Agricultural pollution is contamination of the environment and related surroundings as a result of using the natural and chemical products for farming. This contamination is actually injurious to all living organisms that depend on the food on cultivation. It is refers to biotic and abiotic by products of farming practices that result in contamination or degradation of the environment and surrounding ecosystems, and/or cause injury to humans and their economic interests. The pollution may come from a variety of sources, ranging from point source water pollution (from a single discharge point) to more diffuse, landscape-level causes, also known as non-point source pollution. Management practices play a crucial role in the amount and impact of these pollutants. Management techniques range from animal management and housing to the spread of pesticide sand fertilizers in global agricultural practices.
Causes of Agriculture Pollution
These are mostly nitrogen and phosphorus based chemicals like ammonia and nitrates that in correct amounts boost the fertility of the soil. But in most cases these are used in more quantity than required and hence tend to be retained in the soil not adding to its goodness.
When pests and insects cause losses on a large scale, this leads to economic fallout for the farmers. Pesticides and insecticides like organochlorines, organophosphates and carbonates are toxic to the pests. They also tend to bio accumulate i.e. they collect in the body of the organism and lead to chronic poisoning. This can be passed up the food chain. Some pesticides also are absorbed naturally by the plants themselves and stored their different parts. Pesticides are not discriminatory in nature as they also cause harm to beneficial insects such as bees and pollinators,
Cadmium, fluoride, radioactive elements like uranium are regularly found in the parent minerals from which the fertilisers are obtained. Dangerous metals such as Mercury, Lead, Arsenic, Chromium, and Nickel are seen in traces in Zinc rich wastes from the steel industries which are used as fertilizers. These are often not removed from the because of the high cost involved.
Excessive tillage of the land
Overturning, digging or stirring leads to release of greenhouse gases produced in the ground such as nitrous oxide
Loss of soil material due to poor management causes soil to become infertile.
The soil or sediments carried off into water bodies cause a lot of harm. Sedimentation reduces the transportation capability of navigation channels. It reduces the amount of sunlight reaching the water beds affecting the plants and animals living in it. The turbidity it causes interferes with the feeding patterns of the fishes and affects their population. Sedimentation also affects the transport and accumulation of water pollutants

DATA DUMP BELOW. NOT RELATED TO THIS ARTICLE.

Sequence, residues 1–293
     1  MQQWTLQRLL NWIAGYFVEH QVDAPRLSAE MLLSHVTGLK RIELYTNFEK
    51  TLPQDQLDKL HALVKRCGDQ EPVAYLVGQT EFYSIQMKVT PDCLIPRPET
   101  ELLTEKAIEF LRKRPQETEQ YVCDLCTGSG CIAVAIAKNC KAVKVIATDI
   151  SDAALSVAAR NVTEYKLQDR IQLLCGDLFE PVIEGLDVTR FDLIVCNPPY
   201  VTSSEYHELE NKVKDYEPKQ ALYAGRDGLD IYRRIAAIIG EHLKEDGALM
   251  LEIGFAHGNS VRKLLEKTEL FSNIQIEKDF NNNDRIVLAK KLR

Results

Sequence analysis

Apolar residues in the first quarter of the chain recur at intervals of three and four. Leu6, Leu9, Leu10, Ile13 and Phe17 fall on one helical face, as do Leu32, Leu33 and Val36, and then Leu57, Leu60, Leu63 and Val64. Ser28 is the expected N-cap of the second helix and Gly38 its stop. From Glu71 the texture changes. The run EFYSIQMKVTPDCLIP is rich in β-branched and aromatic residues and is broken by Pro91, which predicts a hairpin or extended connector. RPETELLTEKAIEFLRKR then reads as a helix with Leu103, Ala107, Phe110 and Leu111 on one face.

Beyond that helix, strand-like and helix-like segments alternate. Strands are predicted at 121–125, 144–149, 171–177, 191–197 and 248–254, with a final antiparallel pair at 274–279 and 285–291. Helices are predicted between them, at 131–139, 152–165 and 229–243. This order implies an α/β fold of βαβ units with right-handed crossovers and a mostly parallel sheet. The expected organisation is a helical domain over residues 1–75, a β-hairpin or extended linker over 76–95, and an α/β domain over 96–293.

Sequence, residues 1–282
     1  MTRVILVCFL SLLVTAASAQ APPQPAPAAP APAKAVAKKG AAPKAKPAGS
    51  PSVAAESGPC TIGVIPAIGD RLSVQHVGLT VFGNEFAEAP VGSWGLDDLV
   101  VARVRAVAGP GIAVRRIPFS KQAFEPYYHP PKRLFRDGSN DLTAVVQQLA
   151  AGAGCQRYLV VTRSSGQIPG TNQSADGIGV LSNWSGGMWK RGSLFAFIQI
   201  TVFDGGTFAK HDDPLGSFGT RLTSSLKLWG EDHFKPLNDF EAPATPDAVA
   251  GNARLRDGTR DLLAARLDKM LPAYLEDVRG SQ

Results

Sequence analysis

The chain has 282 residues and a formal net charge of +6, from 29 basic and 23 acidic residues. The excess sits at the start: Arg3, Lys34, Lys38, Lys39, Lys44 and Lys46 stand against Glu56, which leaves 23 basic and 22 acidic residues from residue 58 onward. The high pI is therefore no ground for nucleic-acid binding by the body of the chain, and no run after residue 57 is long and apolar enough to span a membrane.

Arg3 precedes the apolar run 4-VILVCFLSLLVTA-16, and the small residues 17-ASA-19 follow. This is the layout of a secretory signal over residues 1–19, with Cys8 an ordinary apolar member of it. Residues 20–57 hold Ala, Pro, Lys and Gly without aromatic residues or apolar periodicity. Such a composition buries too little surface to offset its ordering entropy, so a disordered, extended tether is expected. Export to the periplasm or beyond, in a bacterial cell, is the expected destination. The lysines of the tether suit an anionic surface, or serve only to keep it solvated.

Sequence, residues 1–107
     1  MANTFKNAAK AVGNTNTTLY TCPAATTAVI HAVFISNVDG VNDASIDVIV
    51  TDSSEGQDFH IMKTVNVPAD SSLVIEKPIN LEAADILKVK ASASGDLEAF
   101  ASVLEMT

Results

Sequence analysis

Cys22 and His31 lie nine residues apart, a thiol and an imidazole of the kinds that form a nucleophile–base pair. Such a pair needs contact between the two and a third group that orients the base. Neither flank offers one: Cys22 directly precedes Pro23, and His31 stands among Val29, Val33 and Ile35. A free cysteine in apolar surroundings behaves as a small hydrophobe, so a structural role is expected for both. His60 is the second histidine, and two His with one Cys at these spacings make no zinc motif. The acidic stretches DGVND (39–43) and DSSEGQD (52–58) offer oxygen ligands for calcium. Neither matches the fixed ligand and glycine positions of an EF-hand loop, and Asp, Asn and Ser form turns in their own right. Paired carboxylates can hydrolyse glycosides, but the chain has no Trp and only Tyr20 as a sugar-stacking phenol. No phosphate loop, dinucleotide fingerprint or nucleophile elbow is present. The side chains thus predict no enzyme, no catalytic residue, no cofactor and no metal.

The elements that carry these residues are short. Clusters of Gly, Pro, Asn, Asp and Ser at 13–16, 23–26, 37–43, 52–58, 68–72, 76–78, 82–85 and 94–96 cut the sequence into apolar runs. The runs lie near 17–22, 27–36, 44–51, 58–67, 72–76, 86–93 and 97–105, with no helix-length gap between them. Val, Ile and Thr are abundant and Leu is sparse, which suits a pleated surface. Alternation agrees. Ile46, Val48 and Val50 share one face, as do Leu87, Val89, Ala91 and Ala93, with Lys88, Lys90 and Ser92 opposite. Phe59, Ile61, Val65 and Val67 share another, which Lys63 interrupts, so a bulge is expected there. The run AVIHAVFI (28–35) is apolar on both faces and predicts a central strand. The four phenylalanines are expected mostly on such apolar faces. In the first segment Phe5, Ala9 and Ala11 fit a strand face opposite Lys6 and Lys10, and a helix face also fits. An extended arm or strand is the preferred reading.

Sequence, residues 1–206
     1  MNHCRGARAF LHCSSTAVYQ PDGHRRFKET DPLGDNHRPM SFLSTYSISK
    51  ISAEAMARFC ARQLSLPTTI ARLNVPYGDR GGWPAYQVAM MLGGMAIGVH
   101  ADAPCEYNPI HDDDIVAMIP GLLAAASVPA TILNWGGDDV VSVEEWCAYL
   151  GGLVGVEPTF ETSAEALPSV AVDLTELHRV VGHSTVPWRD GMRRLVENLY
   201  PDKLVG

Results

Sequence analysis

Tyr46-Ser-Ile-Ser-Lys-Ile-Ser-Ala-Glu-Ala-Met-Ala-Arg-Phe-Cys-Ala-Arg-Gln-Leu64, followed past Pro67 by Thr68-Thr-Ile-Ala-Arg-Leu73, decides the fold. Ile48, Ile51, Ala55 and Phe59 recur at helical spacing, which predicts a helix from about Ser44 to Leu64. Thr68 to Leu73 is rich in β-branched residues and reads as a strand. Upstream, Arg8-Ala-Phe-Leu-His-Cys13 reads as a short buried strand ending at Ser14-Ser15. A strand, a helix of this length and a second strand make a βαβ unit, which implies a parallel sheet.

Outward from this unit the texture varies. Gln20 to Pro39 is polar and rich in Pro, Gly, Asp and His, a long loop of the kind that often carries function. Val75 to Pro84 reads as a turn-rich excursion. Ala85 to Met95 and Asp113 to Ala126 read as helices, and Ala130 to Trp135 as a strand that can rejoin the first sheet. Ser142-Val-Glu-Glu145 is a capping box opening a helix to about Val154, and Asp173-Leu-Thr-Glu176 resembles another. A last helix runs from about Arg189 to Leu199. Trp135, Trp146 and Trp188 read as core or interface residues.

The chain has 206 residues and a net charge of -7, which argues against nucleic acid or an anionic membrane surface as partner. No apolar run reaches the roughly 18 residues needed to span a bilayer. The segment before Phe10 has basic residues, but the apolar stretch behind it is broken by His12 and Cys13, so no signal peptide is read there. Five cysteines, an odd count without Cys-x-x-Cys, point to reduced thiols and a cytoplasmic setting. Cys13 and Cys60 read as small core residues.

Introduction of foreign species
Many instances of foreign species of plants, animals and insects were introduced to control pests and weeds. But after a while these have taken over and become nuisances themselves. They cause harm to indigenous flora and fauna competing for the natural resources, and also cause changes in the bio diversity. There has been loss of many indigenous beneficial creatures due to this kind of biological pest control.
Genetic Modification to increase resistance to pest and diseases
A raging topic of debate today, it is a cause of concern for many that these crops will lead to the loss of many original species and may become weeds themselves. If these will be toxic to consumers ranging from insects to humans is to be studied in depth.
Farms specializing in rearing cattle, sheep, goats, pigs, and poultry must have strict regulations concerning the disposal of manure and other associated waste material. These must not be indiscriminately disposed in the surrounding areas. They cause pollution of the air as well as the water. 18 per cent of Greenhouse gases are said to be generated by farm animals. The large amounts of manure created, carry pathogens that are harmful for humans too.
Effect of agricultural pollution
Since agricultural pollution is not a lone standing entity, its effects are carried over as water pollution and air pollution. It affects every aspect of the environment and every organism from the earthworm to humans. Some of the adverse effects are as follows:
Drinking or swimming in water with dangerous levels of algal bloom causes rashes, stomach and liver problems, respiratory illnesses and neurological effects.
Infants drinking water with high levels of nitrates get affected by the blue baby syndrome which is often fatal. Symptoms are shortness of breath and blue tinted skin.
Formation of dead zones or hypoxic areas where no aquatic life exists; Examples Chesapeake Bay and Gulf of Mexico
Entry of toxins from algal blooms into the food chain hurts larger animals like dolphin’s seals and turtles etc.
Air pollution with nitrogen oxides leads to occurrences of smog because of the formation of ozone. Ozone pollution damages trees and forests.
Agricultural pollution also causes heavy economic losses. Cleaning up contaminated waters is costly. Tourism is affected by decrease in fishing and boating activities. Visibility at tourist locations and scenic spots are reduced by air pollution. Marble and limestone buildings are damaged by ozone pollution. Fishing and shellfish industries are also losing money to contamination. Real estate value that always rises when ground water and nearby water sources are in good condition suffer when the opposite happens.
Safe drinking water and clean water habitats are the rights of every living being. Let’s become more responsible in our agricultural practices in order to preserve this and make this available to all.
By – Assistant Professor – Sunita Bhandari
Department of Agriculture
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